1000 Albums Project


No More Idols, by Chase and Status
Suggested by Andy Scott-Morrissey

As I’ve mentioned before, I’m a big chap. A little less big nowadays, thanks to a lockdown diet with fewer takeaway meals, but I still fill out a suit jacket with elan.

I come from a long line of feeders, and I’ve always been a friend of the buffet. The mantra is “little and often,” and while I’ve got the “often” part down pat, I do struggle with the “little” part. I can eat small portions, of course. I just need a lot of them.

Additionally, my tastebuds are pretty wild. If someone, somewhere, eats it, I’ll give it the old college try. Mysterious pickled fish, cuts of meat from the more operational body parts, even deep fried insects on a stick. Pop it on a plate, I’m game. I’m a true international gourmet, a globetrotting glutton with an adventurous streak.

No More Idols, by Chase and Status, is a sumptuous smorgasbord of worldly musical flavours backed with a Drum and Bass energy. It’s a fresh tasting menu of flavoursome vocal performances by strong talents, served on a bed of layered, thumping electronica. It’s a tapas bar table packed with exotic smells and savoury sweetmeats. How could I not dive right in and gobble it all up?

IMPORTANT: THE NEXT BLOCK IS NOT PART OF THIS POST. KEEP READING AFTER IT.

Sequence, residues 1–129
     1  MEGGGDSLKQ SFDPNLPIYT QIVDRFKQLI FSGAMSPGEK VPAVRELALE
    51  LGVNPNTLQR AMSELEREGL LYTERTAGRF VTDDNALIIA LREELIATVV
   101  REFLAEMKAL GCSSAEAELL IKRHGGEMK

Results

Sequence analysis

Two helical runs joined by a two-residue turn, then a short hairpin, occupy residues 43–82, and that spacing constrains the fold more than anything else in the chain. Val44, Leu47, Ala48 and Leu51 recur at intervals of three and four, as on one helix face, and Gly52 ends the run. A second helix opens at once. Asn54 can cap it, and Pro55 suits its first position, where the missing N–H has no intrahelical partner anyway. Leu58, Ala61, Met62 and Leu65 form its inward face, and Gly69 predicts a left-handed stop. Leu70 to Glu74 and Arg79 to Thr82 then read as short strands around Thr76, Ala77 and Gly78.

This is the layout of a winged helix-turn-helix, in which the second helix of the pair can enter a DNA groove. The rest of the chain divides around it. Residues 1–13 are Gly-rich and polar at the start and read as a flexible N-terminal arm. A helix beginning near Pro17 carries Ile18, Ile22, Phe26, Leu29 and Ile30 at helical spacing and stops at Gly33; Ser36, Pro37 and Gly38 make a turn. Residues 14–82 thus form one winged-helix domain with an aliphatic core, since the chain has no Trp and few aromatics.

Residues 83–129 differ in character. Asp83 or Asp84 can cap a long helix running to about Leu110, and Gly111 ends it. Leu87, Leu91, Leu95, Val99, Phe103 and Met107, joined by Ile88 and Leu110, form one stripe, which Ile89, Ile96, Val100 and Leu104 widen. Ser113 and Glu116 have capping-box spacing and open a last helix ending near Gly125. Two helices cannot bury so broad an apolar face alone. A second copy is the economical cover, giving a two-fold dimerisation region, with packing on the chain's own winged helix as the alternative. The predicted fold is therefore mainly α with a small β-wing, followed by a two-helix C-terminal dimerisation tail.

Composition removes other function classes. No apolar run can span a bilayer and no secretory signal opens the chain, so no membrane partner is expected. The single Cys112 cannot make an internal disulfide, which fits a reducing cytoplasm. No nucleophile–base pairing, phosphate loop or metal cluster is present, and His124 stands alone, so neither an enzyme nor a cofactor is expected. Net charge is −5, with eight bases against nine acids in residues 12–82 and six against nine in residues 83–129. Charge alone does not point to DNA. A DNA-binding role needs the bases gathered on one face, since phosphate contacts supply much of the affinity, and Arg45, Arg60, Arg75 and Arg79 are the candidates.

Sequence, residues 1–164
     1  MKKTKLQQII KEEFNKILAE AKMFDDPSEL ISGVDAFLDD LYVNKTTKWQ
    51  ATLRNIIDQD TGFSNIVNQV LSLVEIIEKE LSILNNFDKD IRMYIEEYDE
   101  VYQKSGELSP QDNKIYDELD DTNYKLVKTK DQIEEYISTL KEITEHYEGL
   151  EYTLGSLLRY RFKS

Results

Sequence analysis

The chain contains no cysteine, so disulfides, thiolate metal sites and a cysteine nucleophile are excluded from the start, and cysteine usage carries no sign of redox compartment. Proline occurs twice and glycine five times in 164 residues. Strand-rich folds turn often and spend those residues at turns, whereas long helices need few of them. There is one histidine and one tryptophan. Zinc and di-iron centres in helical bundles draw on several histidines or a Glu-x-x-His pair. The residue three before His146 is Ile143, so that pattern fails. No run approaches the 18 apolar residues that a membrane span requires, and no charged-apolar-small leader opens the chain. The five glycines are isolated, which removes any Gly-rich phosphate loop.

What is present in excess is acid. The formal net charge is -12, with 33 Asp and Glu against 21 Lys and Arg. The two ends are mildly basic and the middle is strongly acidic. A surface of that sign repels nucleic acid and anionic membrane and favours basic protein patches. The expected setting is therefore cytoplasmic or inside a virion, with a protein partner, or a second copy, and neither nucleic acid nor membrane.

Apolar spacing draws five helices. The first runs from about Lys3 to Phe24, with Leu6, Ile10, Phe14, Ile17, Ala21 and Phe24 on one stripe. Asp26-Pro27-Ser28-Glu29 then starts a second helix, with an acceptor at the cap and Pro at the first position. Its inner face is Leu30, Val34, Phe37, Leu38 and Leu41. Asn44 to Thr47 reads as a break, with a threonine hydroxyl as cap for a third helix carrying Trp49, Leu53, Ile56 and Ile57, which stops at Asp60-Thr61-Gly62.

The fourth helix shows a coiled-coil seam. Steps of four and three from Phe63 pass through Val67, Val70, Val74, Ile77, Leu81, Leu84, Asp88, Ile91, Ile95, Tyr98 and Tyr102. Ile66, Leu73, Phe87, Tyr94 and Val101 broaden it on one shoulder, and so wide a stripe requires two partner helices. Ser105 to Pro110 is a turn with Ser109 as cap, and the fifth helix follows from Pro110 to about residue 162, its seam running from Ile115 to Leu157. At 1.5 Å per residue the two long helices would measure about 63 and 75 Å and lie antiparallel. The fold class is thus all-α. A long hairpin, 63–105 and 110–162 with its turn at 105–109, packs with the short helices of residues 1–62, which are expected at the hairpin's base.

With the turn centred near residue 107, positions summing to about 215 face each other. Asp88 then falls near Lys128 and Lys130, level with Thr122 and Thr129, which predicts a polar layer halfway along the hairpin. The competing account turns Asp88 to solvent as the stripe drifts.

Chase and Status are a production duo who’ve worked with Rhianna, Rita Ora and Alexandra Burke. No More Idols is their second album, and includes a host of vocal contributors, from long-time collaborator Plan B to Dizzee Rascal, Tinie Tempah, Claire McGuire and many more. Each track has a fresh vocal stylist ready to coiffure the air between speaker and ear, and each track delivers innovation. From the shouting rap of Hypest Hype to the mellow stutter-groove of Midnight Caller,. There area lot of courses to this meal.

Backing each slice of dance-blast energy are the throbbing basslines and chest-bursting drums that typify the genre. There’s a lot of the old WUBWUBWUB here, so if you’re not a fan of the sound then steel yourself for disappointment. I’ve got a lot of time for Drum and Bass, as the beats are often delivered with a frenetic anger which imparts and anxious tension to the songs. It’s wound tight, ready to burst, and I like that knife-edge jig.

Both Brixton Breifcase and Heavy deserve a strong mention, but my favourite track is the first one, the African-infused No Problem. Yes, it starts with vocals, but it builds gloriously, and the writer / singer Takura Tendayi is both menacing and understated in his delivery.

I give No More Idols a score of 8/10. The album is delicious, and I’ll be dining on the Chase and Status back catalogue next time I’m feeling peckish.

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